My take on Qld is you should go hard on renewable electricity and green hydrogen, ammonia etc. Use thermal coal if you have to and leave the gas in the ground.
    The problem with fracking and water tables is that there can be saline and freshwater in different aquifers. Fracking may allow water to flow between these aquifers and freshwater to be contaminated.

  36. John, back in 2011, as part of a project on CSG between LP and Crikey I wrote three posts on CSG. In preparation I talked to a number of farmer, farmer reps, feed lot owners, and read through the hearings of a parliamentary inquiry on which Larissa Waters was a member.

    TBH I wasn’t altogether impressed with her meeting attendance and the quality of the questions she asked.

    Nevertheless what she told you makes sense.

    Companies always had a ‘make good’ clause in their arrangements with landowners on water. problem was, there is no way of actually making good. If the well the gives water to a feedlot fails, is the company going to truck in water forever?

    Answer, no. Water levels in wells go up and down over time, so there is a problem with establishing a baseline. And who is to say a failing well is not because the landowner is drawing too much water.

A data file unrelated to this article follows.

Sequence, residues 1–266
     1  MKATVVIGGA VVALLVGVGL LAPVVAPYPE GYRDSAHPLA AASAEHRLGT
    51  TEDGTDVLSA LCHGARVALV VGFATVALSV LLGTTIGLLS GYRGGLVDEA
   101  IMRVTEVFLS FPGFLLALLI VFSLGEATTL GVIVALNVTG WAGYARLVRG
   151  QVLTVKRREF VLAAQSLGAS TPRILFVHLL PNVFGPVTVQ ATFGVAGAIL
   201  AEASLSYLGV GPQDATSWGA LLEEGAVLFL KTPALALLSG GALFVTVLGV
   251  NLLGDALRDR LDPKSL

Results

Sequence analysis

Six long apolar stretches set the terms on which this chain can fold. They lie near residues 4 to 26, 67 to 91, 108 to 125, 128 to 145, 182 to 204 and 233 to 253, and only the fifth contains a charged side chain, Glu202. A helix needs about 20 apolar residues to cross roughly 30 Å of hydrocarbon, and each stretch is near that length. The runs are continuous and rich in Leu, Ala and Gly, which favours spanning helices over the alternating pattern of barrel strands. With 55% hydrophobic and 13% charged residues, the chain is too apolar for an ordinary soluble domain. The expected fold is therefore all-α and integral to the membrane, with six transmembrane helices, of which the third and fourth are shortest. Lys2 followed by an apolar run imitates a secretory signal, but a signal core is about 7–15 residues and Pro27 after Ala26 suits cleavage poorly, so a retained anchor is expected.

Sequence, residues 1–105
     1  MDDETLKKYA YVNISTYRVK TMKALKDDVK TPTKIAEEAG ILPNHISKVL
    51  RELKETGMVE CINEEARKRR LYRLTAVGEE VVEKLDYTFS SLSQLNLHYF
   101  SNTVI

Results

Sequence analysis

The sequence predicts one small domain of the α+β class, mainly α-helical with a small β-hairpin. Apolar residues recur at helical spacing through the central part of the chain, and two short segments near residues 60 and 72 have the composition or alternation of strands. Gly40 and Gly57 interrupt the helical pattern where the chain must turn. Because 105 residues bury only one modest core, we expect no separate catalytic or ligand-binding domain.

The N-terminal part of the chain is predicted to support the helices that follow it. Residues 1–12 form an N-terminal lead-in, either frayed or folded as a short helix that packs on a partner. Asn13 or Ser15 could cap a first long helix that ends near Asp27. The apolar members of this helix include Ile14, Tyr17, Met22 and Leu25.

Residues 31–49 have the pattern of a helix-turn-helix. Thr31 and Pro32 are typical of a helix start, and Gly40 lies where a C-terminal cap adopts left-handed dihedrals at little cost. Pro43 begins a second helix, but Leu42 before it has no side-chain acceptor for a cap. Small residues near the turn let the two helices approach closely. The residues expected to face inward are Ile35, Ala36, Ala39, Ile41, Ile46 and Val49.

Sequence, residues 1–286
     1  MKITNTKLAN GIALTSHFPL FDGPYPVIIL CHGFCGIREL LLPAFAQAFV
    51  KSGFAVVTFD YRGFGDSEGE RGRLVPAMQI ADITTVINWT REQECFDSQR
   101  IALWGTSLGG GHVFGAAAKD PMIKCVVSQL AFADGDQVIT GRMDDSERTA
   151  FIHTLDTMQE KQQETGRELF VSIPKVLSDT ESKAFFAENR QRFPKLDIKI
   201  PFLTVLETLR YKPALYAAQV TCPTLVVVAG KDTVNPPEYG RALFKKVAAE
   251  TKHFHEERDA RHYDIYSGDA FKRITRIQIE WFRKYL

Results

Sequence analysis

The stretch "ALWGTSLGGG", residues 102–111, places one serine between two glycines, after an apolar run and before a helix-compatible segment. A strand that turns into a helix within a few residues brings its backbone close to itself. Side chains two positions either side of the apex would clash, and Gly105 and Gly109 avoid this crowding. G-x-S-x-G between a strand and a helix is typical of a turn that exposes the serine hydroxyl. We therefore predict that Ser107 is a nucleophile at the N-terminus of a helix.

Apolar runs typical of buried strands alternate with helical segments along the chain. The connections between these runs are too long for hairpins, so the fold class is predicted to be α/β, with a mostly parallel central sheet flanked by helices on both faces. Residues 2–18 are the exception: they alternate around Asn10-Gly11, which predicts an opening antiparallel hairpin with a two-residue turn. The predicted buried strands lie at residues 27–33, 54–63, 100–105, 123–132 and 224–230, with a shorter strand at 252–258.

And there was no way of telling whether there was a fissure existing, or likely to open. However, the coal seam aquifer was below the stock and house supply aquifer, and known to be not far apart.

    The CSG industry in Qld was a blessing left to us by the Bligh government. My recall is that they ignored warnings in a report prepared, suppressed it and substituted more ‘helpful’ advice.
    Don’t quote me, but it was something along those lines.

    CSG was not why the Bligh govt got the flick, but the 2012 election was memorable for a TPP split in excess of 62/38, leaving Labor with 7 members, Campbell Newman as premier, and Annastacia Palaszczuk as opposition leader, selecting from a very small field.

    Back to the present, gas appears to be becoming a bit short in supply in NSW and Victoria. many of the gas power stations and commercial users had longer term supply contracts which were quite cheap. Renewing them is a different ball-game.

    Most of Qld’s production is used to fill long-term export contracts. Santos sold more than they actually had at the time.

    The gas-led recovery is based on gas prices in NSW and Victoria which are lower than the cost of production at the well-head in Qld or NT.

    Nevertheless, imported gas is available at the price that Qld producers get for it after using all that power to liquefy.